Having had the experience of doing a NOLS instructor course, a WMI instructor course and a couple of other similar courses, I think I have learned more from my fellow instructors, in just seeing how they do things. Learn from those around you. I have talked before about having 'a beginners mind' - which means simply you are open to learning new things. Continue to learn something new everyday. Particularly every day on the water!

Sunday, September 8, 2013

Labor day

I had the opportunity to paddle on labor day weekend, with all of the paddlers who are taking part in the Alaska Glacier Awareness Project (AGAP), unfortunately not at the same time. Soon I will be introducing all  the paddlers who are taking part. Yes. They are all women, and my wife is fine with it.

This is Melanie (Mel) and she was super patient while I shot video for a project that is now completed but I still can't talk about it yet. Maybe Tuesday I can give you more information.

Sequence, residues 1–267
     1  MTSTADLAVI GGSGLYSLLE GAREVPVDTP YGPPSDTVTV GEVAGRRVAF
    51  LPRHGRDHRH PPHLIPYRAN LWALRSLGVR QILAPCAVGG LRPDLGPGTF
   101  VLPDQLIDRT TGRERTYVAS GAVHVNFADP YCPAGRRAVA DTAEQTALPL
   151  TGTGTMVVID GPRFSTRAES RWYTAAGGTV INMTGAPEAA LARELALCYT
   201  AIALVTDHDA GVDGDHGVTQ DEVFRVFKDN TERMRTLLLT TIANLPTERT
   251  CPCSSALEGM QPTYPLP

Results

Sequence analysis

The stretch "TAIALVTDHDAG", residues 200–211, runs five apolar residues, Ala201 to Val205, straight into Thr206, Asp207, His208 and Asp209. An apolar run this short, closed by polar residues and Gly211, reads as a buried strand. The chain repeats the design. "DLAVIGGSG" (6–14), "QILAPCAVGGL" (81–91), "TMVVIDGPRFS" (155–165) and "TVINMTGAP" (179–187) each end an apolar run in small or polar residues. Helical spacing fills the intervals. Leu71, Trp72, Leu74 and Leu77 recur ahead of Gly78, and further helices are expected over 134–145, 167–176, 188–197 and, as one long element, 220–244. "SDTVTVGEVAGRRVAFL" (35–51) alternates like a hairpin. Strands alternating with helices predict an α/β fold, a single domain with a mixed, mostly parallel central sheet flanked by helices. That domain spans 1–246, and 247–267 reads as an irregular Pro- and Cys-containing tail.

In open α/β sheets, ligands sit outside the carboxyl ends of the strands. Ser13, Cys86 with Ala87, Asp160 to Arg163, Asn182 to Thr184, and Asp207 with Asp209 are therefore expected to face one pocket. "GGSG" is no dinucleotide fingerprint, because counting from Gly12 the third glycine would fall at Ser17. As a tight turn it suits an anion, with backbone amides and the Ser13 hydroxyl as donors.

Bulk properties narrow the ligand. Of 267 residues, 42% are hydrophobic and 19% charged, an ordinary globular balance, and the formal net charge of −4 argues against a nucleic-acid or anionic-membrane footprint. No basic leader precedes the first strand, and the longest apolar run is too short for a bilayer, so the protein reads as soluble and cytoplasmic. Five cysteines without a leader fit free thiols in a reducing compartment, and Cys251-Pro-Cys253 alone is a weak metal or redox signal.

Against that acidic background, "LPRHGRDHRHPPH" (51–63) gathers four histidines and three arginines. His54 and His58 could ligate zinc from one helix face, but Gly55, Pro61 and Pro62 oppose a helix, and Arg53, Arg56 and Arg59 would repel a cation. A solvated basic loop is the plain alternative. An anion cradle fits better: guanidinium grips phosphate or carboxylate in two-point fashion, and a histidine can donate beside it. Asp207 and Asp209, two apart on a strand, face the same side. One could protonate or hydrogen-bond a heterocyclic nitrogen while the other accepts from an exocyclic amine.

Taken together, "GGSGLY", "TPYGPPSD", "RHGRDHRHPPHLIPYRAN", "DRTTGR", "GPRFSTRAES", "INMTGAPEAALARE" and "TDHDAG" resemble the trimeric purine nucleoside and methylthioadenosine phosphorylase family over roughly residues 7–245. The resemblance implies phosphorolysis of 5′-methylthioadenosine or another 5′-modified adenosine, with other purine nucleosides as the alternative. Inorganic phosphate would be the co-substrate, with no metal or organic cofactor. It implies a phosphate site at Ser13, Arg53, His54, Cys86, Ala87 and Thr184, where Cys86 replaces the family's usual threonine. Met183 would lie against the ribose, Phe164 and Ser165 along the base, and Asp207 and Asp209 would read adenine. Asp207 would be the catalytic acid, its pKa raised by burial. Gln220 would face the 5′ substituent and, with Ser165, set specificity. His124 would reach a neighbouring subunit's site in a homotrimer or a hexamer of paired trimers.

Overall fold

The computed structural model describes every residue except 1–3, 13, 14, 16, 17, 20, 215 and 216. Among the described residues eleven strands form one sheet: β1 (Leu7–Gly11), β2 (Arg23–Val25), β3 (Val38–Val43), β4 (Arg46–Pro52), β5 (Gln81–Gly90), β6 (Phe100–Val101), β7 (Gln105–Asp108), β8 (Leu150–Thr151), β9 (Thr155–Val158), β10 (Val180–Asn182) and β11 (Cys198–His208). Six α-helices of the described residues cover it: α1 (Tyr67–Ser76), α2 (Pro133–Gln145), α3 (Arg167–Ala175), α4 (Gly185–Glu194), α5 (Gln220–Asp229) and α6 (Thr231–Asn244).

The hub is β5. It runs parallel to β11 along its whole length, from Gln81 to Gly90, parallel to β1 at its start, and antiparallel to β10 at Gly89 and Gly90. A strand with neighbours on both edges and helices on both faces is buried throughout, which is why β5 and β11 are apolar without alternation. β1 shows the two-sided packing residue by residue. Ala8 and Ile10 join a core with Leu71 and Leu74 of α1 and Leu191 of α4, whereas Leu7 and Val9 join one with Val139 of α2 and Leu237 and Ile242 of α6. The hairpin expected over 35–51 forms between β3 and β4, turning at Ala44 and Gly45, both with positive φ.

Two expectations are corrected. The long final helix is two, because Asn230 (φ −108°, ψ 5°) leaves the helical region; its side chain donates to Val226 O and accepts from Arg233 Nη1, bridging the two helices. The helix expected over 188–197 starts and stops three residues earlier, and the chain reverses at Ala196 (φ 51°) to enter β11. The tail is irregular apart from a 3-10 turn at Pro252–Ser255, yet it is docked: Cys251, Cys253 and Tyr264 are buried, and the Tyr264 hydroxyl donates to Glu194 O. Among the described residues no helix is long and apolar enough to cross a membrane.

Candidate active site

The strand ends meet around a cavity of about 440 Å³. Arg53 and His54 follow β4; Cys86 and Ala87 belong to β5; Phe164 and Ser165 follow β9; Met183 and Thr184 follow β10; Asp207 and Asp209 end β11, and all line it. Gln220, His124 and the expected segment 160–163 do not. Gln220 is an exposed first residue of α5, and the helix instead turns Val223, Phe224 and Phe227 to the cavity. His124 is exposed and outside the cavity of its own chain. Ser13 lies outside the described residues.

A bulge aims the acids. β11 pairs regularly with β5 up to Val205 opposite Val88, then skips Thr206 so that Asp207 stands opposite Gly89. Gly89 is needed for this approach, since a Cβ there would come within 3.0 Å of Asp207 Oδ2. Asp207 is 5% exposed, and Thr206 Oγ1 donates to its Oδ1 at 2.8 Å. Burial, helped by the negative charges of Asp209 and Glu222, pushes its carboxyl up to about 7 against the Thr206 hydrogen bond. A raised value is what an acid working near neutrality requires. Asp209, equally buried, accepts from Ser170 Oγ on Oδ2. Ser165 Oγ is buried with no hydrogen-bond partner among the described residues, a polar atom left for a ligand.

But here is Mel and myself towards the end of our paddle. This was the third or fourth time I shot something and when I was done, Mel slid in beside me. Here is the video that resulted.

 
LabordayAGAP from Paddling Otaku on Vimeo.

I think we should paddle this closely for the entire trip.

Sunday, September 1, 2013

Long way round

The past month or so I have really been enjoying watching "Long Way Round" and its sequel "Long Way Down". If you're not familiar, here is the trailer.




Let me stress, that I am not a motorcycle - or as they call them in this series, motorbike - guy. Having worked on an ambulance I know how dangerous they can be. I won't debate that they are cool and fun, they are, but dangerous none the less. ( I should also point out I have a dear friend, and a wonderful brother-in-law who ride long distances on bikes and it makes me very scared!) But that said, this is a wonderful series about a ride around the world. I love it for a couple of reasons, and it bugs me for one reason.